"Forgiving" might not be the first word that comes to mind when you think of the Internal Revenue Service. However, if you make an honest error in your tax return, the IRS could spare you from any draconian penalties. Typically, the most severe penalties are reserved for tax cheats who go out of their way to defraud the government.
If you make a simple math error, you'll be forgiven in a sense because the IRS won't take formal action against you. In fact, the IRS will usually send you a letter and automatically adjust your taxes. It can do that much without conducting an official audit. You may even end up with a larger refund or a lower tax bill. As long as you agree to the correction, as most taxpayers do, that will be the end of your involvement with the IRS for that tax return.
While minor errors are essentially no big deal, the IRS will not be as generous if you substantially under-report your tax on your tax return. From the perspective of the IRS, you've got a problem if you understate your tax by the larger of $5,000 or 10 percent of the tax you owe. For example, if you calculate you owe $10,000, but the IRS determines you owe $18,000, you've failed to pay $8,000 in tax. The penalty is 20 percent of the amount of the understatement, which is $1,600 in this example.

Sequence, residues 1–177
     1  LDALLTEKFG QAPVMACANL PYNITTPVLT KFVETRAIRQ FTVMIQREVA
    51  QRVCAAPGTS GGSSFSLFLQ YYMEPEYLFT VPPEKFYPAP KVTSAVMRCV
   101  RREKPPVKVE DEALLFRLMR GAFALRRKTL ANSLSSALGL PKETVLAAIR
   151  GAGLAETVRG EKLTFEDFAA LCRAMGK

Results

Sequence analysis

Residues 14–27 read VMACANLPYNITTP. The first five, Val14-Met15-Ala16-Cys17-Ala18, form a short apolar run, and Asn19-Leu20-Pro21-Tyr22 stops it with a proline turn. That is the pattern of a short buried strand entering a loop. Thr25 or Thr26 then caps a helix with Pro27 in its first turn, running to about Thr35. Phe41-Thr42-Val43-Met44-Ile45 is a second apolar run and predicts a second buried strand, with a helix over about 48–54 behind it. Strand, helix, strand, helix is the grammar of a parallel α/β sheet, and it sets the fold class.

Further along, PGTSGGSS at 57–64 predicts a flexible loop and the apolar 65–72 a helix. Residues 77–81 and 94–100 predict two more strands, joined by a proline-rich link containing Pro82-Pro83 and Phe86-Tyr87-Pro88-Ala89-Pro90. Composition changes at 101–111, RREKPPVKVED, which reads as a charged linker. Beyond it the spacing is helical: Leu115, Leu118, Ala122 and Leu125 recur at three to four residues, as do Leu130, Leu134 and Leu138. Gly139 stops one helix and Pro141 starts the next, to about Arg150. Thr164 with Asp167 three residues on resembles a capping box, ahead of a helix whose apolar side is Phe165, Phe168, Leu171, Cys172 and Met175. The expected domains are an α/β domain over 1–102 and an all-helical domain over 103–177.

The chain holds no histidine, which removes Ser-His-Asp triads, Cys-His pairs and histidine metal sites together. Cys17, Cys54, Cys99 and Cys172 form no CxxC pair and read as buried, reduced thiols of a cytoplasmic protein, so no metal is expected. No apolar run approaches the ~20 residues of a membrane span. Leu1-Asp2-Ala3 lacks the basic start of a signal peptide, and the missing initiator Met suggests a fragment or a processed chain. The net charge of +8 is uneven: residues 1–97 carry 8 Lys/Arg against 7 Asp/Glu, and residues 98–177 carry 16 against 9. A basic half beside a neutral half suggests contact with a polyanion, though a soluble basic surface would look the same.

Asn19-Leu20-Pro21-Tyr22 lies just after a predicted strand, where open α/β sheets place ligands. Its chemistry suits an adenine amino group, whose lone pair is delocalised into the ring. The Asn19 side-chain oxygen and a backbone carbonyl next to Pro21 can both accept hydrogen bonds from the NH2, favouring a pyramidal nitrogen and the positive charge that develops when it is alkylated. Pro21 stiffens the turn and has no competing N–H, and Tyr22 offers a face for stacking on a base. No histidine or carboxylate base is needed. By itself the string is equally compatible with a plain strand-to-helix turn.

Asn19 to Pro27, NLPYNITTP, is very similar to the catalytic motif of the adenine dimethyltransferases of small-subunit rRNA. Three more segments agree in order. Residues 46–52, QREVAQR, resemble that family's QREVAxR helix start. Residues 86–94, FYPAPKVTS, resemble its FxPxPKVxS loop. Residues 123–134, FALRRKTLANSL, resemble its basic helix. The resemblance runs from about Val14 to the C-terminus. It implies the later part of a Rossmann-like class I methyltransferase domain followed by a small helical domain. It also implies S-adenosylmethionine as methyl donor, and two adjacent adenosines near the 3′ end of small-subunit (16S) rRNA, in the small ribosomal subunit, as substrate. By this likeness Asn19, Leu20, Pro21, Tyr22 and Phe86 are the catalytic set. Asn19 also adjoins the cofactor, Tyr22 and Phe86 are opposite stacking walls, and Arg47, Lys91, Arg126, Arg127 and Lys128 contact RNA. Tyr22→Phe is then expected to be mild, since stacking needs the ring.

Negligence, or careless or reckless disregard of IRS rules, also carries a 20 percent penalty. Entering items on your return you can't substantiate will also trigger a penalty. The IRS will forgive your negligence if you can demonstrate you acted in good faith and there was a reason behind your claims. You usually have 30 days to lodge an appeal with the IRS regarding tax adjustments.
The IRS draws a clear distinction between tax return errors, even those committed recklessly, and tax fraud. Only those who willfully and deliberately attempt to evade taxes are accused of fraud. Examples include providing false information to the government or hiding sources of income. Don't look for forgiveness from the IRS if you commit tax fraud. You'll be looking instead at a penalty of 75 percent of the underpaid tax and possible criminal prosecution.
After receiving a Bachelor of Arts in English from UCLA, John Csiszar earned a Certified Financial Planner designation and served 18 years as an investment adviser. Csiszar has served as a technical writer for various financial firms and has extensive experience writing for online publications.